Embodiments of the present invention utilize cluster based logical block/sector to physical block/sector address translation in non-volatile memory devices and memory subsystems. In cluster based addressing and address translation, the non-volatile memory device or non-volatile memory subsystem is divided into a plurality of sequentially addressed clusters, wherein each cluster contains a plurality of sequentially addressed logical blocks or sectors. In one example embodiment, a cluster contains 4 sequential logical blocks. Address translation to translate logical block addresses to physical block addresses is then performed by a table lookup of the logical cluster address of the cluster containing the logical block and returns the base physical address of the cluster in the non-volatile memory. An address offset from the cluster base address or a short physical scan can then be used to access the requested logical block, which is sequentially addressed within the cluster.

Cluster address translation allows close matching of data storage use, in addition, the reduced number of base cluster addresses allows the use of a smaller lookup table that contains only the cluster addresses, allowing a smaller RAM footprint. Physical scanning address translation of the non-volatile memory is also improved by cluster based addressing because of a reduced number of base addresses required to be scanned (logical blocks not on the dividing boundary between clusters/containing the cluster header can be skipped over, permitting the physical scanning to be reduced by a function of cluster granularity).

In one embodiment of the present invention, an individual logical block address is translated to an exact physical block location by taking the logical block address and integer dividing it by the total number of clusters. The result of the integer division is then used to index into the cluster address lookup table. The remainder value is the index to the sector/block (the sector number of the sequential sectors of the cluster) within the selected cluster. The remainder value is multiplied by 512 (512-byte per sector/block) to get the physical address of the sector/block within the non-volatile memory. In another embodiment, where the total number of clusters is a power of 2, the division can be done by simply masking off one or more of the least significant bits of the logical block address (the part of the binary address that relates to the address of the logical block within the cluster) to get the index into the cluster address translation lookup table to retrieve the associated physical cluster base address. The most significant bits can then be masked off to get an index to the logical block in the cluster.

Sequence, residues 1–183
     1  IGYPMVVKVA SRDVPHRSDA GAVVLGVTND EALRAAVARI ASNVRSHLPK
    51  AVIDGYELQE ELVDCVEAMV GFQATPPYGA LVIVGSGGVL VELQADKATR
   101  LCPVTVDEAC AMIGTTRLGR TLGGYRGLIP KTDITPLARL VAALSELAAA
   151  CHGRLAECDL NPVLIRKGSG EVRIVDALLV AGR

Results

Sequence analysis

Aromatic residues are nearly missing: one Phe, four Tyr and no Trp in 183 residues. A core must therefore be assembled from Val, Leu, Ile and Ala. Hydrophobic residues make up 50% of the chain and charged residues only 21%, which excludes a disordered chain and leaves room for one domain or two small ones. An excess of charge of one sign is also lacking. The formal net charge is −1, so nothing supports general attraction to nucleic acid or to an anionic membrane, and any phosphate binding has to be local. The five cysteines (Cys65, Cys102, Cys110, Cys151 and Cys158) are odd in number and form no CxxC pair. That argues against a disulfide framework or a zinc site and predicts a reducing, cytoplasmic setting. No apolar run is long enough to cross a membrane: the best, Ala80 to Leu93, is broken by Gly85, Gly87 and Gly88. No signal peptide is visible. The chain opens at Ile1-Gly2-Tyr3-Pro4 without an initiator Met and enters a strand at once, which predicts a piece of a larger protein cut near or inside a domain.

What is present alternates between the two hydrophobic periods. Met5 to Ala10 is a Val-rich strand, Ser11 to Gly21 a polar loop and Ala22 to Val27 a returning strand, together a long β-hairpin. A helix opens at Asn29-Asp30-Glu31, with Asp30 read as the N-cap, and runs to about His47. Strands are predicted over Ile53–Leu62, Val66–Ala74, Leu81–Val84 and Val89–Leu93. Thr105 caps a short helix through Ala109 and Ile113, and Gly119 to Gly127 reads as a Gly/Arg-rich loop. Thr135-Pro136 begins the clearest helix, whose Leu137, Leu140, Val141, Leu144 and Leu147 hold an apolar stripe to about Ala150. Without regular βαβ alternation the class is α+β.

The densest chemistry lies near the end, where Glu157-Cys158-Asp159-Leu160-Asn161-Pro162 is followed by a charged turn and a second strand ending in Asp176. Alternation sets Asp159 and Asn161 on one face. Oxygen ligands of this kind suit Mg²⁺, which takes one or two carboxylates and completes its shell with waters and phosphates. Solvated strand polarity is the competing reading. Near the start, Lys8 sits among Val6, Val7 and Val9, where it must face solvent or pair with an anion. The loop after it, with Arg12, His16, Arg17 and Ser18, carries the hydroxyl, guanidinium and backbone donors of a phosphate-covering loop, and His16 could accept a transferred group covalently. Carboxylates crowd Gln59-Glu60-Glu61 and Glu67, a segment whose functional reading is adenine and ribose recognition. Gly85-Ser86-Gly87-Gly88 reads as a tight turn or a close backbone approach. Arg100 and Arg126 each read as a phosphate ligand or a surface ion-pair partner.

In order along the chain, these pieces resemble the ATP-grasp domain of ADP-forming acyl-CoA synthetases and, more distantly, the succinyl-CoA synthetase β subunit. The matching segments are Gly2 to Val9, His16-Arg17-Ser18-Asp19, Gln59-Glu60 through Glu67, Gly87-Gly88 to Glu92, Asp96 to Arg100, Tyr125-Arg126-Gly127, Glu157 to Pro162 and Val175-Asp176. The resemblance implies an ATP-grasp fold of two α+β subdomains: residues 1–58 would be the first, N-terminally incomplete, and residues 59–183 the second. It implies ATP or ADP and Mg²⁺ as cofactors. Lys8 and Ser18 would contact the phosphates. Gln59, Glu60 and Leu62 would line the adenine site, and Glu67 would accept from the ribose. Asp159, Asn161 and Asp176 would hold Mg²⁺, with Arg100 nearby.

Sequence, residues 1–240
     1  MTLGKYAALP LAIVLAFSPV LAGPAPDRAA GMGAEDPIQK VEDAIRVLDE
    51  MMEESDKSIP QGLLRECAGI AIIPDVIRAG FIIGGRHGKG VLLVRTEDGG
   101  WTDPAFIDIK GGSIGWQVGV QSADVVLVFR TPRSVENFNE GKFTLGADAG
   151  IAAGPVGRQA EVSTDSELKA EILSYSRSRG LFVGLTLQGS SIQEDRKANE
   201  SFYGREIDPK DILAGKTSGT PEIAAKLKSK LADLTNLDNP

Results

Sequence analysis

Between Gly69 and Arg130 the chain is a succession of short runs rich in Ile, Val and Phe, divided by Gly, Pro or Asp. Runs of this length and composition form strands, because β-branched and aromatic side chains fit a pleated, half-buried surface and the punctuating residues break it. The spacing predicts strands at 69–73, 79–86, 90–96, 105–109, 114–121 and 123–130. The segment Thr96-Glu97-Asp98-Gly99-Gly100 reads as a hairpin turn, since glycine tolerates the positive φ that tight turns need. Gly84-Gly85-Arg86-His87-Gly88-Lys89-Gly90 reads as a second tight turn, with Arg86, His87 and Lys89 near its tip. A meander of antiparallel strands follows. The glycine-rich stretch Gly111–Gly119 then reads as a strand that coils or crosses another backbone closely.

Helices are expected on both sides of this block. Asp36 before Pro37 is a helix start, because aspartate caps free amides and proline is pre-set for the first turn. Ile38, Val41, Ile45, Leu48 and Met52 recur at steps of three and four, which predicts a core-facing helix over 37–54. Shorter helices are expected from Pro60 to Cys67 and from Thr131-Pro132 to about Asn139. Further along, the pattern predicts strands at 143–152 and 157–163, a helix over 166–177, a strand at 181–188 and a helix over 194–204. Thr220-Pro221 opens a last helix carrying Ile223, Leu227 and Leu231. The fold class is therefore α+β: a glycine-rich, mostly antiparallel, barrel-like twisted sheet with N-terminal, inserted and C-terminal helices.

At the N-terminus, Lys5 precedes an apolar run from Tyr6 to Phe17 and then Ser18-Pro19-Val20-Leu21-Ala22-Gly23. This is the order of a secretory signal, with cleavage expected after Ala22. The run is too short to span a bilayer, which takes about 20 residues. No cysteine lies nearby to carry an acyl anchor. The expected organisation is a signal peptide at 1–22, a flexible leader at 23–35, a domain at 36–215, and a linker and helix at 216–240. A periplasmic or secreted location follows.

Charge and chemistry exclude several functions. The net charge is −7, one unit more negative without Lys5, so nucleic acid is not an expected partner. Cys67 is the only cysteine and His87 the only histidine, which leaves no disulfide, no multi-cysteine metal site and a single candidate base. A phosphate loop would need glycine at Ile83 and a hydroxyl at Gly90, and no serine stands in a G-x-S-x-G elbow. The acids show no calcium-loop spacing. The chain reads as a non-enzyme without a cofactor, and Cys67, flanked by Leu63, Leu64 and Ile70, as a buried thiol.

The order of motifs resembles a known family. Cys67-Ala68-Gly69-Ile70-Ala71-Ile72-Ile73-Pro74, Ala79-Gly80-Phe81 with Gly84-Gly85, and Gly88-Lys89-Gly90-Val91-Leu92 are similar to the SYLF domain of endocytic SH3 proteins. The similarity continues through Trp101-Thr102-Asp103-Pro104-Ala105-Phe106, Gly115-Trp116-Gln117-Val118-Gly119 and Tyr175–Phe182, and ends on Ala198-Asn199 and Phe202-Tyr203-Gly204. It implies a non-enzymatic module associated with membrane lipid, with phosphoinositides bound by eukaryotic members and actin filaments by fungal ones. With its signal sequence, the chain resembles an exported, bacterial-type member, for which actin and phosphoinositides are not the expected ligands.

FIG. 3B details a simplified block diagram of a cluster based lookup table address translation system 320 of an embodiment of the present invention. In FIG. 3B, a logical block address 322 of a logical block read/write access request is submitted to the cluster based address translation layer (not shown) which translates it to a physical cluster address by reference to a cluster address lookup table 324. A logical block address index to the selected logical block within the cluster is also generated. The address translation system 320 then uses the translated cluster address and the logical block index to access the indicated physical block from a row 328 of a non-volatile memory array 326. In a cluster based physical scan address translation system of an embodiment of the present invention, the physical clusters of the memory array 326 would be scanned by the address translation system 320 to locate the logical cluster address that contained the matching logical block address 322.

In one embodiment, the cluster granularity is adjustable and is selected upon memory device formatting or during system design and implementation, allowing for an adjustable number of blocks/sectors per cluster. This allows the non-volatile memory storage to be adjusted to closely match the data type and access usage it will be used for, the physical row size of the non-volatile memory for convenient accessing, the size of the cluster lookup table, and/or the scan time of the physical cluster scan.

In another embodiment of the present invention, a type of specially formatted cluster is utilized to store frequently updated sectors/logical blocks. This allows the cluster based translation layer to avoid the drawback of having to frequently copy, update and invalidate/erase a cluster containing an often updated sector/logical block, potentially causing excessive wear on the non-volatile memory and premature write fatigue failure of the part. In the special frequently updated sector cluster (also known as a page of logical blocks or single sector cluster), the cluster stores a time-wise sequence of a single sector/logical block. A new sequence of physical sectors/blocks of the cluster is written in turn with each new update of the stored logical block and the previous physical block holding the old data is invalidated. This may continue until the entire cluster has been used up, allowing for multiple updates of a logical sector without having to move the cluster and invalidate/erase the cluster containing the old data. In accessing the stored logical block, the address translation layer simply selects the most recently written/not invalid block of the single sector cluster.